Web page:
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How Saudi Arabia's international search for water led them to Arizona

For years, there’s been simmering anger over a Saudi Arabian dairy company using Arizona groundwater to grow alfalfa here and ship it back to the Middle East.

As the state’s water crisis has deepened, that anger is now boiling over, with cries from residents, local officials and state leaders to intervene.

While the laws in place limit what can be done, many Arizonans are wondering how an international search for water ever led to the bone-dry Southwest in the first place.

In La Paz County, near the state’s western border, an alfalfa farm lies a few miles from Interstate 10 and U.S. 60.

It’s become one of the epicenters of Arizona’s water crisis, in part because there’s no limit on how much groundwater the farm can use. And in part because the precious water from one desert is being used to feed cattle in another, halfway around the world.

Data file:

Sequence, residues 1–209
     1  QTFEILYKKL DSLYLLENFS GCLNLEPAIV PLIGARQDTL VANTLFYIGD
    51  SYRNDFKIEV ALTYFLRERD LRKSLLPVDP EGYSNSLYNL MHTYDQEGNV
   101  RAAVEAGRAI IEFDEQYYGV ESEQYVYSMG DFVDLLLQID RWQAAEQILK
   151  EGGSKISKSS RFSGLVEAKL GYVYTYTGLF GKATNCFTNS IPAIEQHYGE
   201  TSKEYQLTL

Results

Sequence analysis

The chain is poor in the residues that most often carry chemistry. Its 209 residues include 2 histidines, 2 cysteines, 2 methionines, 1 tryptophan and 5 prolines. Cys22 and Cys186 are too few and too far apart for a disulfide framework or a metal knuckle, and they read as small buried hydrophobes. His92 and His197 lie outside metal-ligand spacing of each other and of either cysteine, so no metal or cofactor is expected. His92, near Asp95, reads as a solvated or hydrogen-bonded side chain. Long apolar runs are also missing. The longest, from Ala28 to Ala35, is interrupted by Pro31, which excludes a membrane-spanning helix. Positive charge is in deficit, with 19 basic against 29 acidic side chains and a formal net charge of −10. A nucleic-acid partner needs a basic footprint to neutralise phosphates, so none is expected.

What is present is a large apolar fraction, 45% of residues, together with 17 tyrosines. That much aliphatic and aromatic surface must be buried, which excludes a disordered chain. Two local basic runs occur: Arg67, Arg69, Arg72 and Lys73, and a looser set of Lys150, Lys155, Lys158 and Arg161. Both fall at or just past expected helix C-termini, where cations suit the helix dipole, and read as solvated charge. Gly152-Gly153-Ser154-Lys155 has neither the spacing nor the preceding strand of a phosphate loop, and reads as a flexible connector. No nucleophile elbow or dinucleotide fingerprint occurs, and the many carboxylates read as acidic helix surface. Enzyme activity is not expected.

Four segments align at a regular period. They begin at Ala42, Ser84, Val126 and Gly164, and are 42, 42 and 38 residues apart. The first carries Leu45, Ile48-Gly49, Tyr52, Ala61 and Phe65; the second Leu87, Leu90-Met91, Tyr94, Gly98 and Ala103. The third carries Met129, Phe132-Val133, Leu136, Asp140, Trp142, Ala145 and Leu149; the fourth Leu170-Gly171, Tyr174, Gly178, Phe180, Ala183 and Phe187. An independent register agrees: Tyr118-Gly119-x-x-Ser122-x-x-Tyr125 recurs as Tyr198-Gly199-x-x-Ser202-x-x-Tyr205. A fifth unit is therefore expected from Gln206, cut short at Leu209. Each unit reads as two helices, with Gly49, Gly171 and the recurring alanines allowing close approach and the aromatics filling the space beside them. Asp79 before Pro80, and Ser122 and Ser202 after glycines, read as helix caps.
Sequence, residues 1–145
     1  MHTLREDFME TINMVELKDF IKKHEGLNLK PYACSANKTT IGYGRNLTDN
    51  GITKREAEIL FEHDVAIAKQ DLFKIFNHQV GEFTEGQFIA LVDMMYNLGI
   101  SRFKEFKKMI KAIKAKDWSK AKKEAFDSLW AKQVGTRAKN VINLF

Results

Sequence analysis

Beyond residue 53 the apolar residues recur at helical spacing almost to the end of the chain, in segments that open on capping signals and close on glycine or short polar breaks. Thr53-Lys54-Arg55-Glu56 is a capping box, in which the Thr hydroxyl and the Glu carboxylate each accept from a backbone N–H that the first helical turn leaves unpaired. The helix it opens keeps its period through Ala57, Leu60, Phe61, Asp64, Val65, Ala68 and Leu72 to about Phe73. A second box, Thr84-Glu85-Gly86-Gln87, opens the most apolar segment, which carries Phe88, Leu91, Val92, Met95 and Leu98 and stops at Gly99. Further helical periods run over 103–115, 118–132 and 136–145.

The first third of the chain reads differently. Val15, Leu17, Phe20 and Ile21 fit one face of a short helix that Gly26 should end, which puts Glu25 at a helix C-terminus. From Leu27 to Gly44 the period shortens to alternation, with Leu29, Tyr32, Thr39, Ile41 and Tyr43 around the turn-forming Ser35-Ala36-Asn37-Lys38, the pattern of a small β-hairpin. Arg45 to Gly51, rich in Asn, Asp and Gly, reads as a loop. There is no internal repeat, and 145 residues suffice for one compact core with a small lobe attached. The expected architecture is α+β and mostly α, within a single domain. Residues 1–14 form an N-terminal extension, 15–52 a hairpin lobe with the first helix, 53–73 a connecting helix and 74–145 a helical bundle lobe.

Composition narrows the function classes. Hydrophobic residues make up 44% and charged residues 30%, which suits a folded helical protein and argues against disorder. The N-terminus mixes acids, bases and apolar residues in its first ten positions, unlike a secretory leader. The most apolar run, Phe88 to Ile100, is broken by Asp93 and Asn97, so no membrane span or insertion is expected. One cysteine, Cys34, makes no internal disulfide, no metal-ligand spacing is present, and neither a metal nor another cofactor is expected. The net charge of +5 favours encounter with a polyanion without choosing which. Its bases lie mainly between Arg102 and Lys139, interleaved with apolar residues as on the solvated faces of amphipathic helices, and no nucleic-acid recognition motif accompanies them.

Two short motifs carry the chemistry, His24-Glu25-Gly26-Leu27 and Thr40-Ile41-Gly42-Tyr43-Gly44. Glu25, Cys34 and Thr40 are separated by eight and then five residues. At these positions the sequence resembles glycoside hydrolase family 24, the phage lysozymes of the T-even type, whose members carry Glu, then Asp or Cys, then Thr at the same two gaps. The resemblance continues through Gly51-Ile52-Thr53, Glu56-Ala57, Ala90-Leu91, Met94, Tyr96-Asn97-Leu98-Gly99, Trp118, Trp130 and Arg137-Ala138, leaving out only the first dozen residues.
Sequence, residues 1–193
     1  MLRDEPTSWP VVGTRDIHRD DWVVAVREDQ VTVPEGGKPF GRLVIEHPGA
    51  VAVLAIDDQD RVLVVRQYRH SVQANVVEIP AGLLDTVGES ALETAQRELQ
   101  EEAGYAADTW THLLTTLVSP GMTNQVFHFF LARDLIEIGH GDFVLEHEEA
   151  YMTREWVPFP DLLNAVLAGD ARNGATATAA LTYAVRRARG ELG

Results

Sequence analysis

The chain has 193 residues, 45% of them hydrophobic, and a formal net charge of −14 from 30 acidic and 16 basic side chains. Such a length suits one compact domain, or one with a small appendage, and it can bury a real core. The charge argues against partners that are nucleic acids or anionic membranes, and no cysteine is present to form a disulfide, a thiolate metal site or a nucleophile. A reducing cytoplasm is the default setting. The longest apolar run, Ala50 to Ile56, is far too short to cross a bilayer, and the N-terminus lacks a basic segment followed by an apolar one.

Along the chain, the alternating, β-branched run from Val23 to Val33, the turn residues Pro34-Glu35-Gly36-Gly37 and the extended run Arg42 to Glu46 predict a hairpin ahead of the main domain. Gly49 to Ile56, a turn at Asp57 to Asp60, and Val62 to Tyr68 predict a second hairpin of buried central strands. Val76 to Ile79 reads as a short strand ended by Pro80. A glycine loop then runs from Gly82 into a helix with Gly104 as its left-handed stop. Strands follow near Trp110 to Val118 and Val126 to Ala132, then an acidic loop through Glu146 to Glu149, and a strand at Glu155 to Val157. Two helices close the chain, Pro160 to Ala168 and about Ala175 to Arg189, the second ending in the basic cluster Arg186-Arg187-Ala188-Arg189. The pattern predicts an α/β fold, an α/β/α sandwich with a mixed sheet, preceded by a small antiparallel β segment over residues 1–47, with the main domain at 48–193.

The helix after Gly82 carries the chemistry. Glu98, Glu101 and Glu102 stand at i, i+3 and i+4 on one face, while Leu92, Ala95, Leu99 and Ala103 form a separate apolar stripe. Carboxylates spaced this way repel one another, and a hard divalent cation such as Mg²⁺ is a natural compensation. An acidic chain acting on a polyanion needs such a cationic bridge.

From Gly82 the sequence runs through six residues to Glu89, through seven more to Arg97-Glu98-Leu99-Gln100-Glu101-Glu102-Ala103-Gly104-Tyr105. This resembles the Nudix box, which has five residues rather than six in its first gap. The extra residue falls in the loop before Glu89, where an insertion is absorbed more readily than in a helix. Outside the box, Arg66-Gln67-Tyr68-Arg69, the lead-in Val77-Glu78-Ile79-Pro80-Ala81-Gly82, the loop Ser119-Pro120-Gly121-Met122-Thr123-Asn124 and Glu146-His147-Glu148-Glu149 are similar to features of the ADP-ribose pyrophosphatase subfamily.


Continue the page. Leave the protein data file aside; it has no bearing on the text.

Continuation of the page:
The Saudi Arabian government had started to push agricultural companies to look abroad for water intensive crops. In 2011, the Saudi agriculture giant Almarai acquired an Argentinian company called Fondomonte. 

A few years later, in 2014, a subsidiary — Fondomonte, Arizona — purchased the La Paz County land.

But the ties between Arizona and the Arabian Peninsula date back to the 1940s.

“It's a long set of relationships with largely connected to desert agriculture, but a number of other broader types of political, ecological, scientific ties that bind the two places. And yeah, it's kind of a fascinating story because you have this sort of recurrence of the same sorts of connections that just keep getting reinvented over and over again, even though we in Arizona often don't know that history, we don't think of Arizona having this,” said Syracuse professor Natalie Koch.